If foreign endorsements are any reflection of the quality of the U.S. presidential campaign, we are most certainly doomed.
Democrat Bernie Sanders, who is facing a do-or-die party primary in California on June 7, got the helpful support of Venezuelan President Nicolás Maduro. The Latin American leader, himself facing angry calls for his ouster, has presided over an economic crisis in which his government has shuttered schools as well as cut water, electricity and phone service. Venezuelaâ€™s El Universal reports that the embattled president referred to Sanders, the self-declared socialist senator from Vermont, as "our revolutionary friend."
"If the elections were free, Sanders would be president of the United States â€¦ because the people are looking for a change," said Maduro, who knows a thing or two about people looking for a change.
Back on the campaign trail in California, Sanders could hardly be blamed for quietly ignoring the endorsement.
A day later, presumptive Republican nominee Donald Trump got a stellar endorsement from another quarter of the globe. North Korea â€" that bastion of democratic values â€" backed Trump, with propaganda website DPRK Today praising him as "not the rough-talking, screwy, ignorant candidate they say he is," but "actually a wise politician and a prescient presidential candidate."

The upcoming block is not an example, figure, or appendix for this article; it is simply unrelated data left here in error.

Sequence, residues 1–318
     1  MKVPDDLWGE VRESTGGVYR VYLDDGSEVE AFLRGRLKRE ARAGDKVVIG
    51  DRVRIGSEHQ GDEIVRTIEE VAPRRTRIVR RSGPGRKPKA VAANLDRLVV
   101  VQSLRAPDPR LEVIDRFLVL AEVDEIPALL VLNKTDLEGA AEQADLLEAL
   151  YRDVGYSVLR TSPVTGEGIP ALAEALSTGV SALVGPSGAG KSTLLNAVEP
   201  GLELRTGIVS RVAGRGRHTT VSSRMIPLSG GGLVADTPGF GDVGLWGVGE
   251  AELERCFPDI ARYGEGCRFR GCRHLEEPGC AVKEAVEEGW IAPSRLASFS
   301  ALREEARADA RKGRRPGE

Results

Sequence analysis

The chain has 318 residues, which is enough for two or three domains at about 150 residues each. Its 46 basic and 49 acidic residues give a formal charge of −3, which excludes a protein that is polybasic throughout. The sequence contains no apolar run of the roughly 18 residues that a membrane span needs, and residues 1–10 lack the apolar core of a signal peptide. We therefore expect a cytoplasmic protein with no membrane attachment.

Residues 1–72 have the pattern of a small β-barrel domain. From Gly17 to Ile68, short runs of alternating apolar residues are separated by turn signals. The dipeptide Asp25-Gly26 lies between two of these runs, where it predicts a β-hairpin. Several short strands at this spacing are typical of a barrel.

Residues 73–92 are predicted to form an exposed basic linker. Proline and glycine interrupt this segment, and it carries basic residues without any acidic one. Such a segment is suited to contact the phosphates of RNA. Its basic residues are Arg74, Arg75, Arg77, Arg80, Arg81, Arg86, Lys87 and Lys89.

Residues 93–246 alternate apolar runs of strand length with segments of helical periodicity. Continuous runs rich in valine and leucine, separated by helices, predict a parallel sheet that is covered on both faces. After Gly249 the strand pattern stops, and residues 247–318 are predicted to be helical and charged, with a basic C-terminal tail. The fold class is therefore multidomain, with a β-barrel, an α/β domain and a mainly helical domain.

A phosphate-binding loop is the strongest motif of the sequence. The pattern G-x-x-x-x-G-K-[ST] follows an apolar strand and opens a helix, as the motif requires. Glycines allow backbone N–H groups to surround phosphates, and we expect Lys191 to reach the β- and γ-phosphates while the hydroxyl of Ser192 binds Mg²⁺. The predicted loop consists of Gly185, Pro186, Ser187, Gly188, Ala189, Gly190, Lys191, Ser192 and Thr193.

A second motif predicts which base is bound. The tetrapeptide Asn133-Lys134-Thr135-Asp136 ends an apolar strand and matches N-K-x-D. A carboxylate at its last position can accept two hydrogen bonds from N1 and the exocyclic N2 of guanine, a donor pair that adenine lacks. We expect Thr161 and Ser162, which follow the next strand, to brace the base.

Well, if North Korea said it, it must be true.
Ahead of the final round of primaries on Tuesday, hereâ€™s Worldcrunch"s roundup of what newspapers around the globe are saying about the upcoming U.S. elections from the UK to India and Italy and beyond.
Across the Atlantic, Trump has elicited strong reactions from Britons.
Stephen Hawking, British theoretical physicist and possibly one of the most intelligent human beings on the planet, said even he couldnâ€™t explain the meteoric political rise of Trump. "I canâ€™t," Hawking told ITV's Good Morning Britain program. "He is a demagogue, who seems to appeal to the lowest common denominator."
Others in the UK have been less charitable. "Britain needs a @realDonaldTrump visit like it needs a bucket of cold sick," wrote Sarah Wollaston, a senior lawmaker, on her Twitter page, after the Republican firebrand announced plans to visit the UK to open a golf course there this month.
British Prime Minister David Cameron, a conservative who nevertheless described Trump last year as "divisive, stupid and wrong," has no plans to meet Trump during his visit, Britainâ€™s Daily Mail reports.
Other world leaders are taking a wait-and-see approach. Indian Prime Minister Narendra Modi, who ran on an "India first" platform well before Trump launched his "America first" campaign, declined, in a recent interview with The Wall Street Journal, to challenge the Republican candidateâ€™s proposal to temporarily ban Muslims from entering the U.S. "As a part of the election debate many things will be said there, who ate what, who drank what, how can I respond to everything?" The Hindu quoted Modi as saying.
Others in India are feeling less generous toward Trump, who during a recent campaign rally used a faux Indian accent to mock call center employees. "The accent wasnâ€™t even done well," Indian newspaper DNA grumbled.
Devils in details
Considering Trumpâ€™s vitriol about Mexicans and vows to build a "big wall" at the southern border of the U.S., there is no shortage of coverage from Latin America. But this past week, Chileâ€™s La Tercera decided instead to dig deep into a profile of Huma Abedin, a longtime aide of leading Democrat Hillary Clinton, and wife of disgraced former Congressman Anthony Weiner.